Email was functional when we had to log on to receive it, could only do so once or twice a day, and only received email every few days. It was broken by spam, marketing emails, and email notifications from social media.
Text messaging and other on-phone notifications were functional when they occurred only in actual emergencies or just a couple times a day, and from people we know. On-phone notifications were broken once they were irrelevant, non-actionable, or just too frequent, as in Facebook and Twitter. As of this writing, marketers are just beginning to break text messaging by sending more marketing messages through this “untapped” medium.
Imagine a Grandfather clock that didn’t simply chime every 15 minutes, with a longer chime at the top of the hour, but chimed randomly 20 or 30 times an hour, indicating…something. If we had a clock like this, we would get it repaired or throw it out. But when our smartphones, desktop computers, and other devices do the same thing, we don’t think to do anything to fix it. After all, it’s not a bug, it’s a feature.
A Short Guide to Helpful Notifications
Notifications should never occur unless a) they are notifying you of something truly urgent and important — more important than being present with whatever you are currently doing, and b) you can act on them now. They should also c) occur very infrequently, both as individual notifications and keeping the volume of total notifications at a minimum.
Most people have no sense of what is important and respond only to what is urgent as Stephen Covey pointed out his his quadrant model decades ago now. Just because something is calling for your attention doesn’t mean it is important to respond to it.
If you run your notifications through these criteria, you’ll quickly realize that virtually all notifications fail to be well-designed. Even most phone calls and text messages ought to be delayed until later if you are doing anything even slightly important.
Until designers care about and design tools with these criteria in mind or allow the user to control notifications with great precision, just turn off all notifications. Then only turn on specific notifications if and when you need them. Avoid apps that do not allow you to turn off notifications, such as Facebook as these notifications are not designed to serve you but to serve Zuckerberg.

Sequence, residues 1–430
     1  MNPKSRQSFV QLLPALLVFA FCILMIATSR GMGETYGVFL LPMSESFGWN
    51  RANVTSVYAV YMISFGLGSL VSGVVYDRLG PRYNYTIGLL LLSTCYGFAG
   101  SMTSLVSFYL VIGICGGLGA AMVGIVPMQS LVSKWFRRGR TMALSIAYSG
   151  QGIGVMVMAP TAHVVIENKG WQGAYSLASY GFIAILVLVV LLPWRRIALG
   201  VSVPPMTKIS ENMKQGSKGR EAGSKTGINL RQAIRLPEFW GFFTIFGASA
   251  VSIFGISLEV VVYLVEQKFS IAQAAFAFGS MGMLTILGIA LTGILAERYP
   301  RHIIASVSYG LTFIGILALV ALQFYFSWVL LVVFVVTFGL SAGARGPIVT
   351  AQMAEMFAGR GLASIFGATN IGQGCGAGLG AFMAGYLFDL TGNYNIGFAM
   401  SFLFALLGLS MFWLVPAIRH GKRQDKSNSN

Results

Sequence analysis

* * *
But this low-tech solution, as it costs $0 to implement, does not translate well into a hip, new product line. If you ask a carpenter to build you something, he’ll suggest using wood. Similarly, if you ask the tech industry how to solve a technology problem, they will say “more technology,” not less.
Adding a new feature gives a selling point — pruning features is not as marketable, even when it meets customer needs better. Instead of turning off the firehose of interruptions, the tech industry wants to sell you a high-tech raincoat.
It’s like asking “what can I eat to lose weight?” or “what can I buy to save the planet?” Consumer capitalism has been so successful that we now think only in terms of what we can buy, what new gadget we can get that will solve the problems of the last one. But each new techology comes with new problems.
Sometimes the solution is not more, but less.
1. Other early notifications included roosters, the alarm clock, the washing machine, the school bell, the doorbell, and the toaster. All these notifications were inherently useful.
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EDIT 4/10/2015: Also check out the more practical follow-up to this article entitled 23 Ways to Use Technology instead of Technology Using You.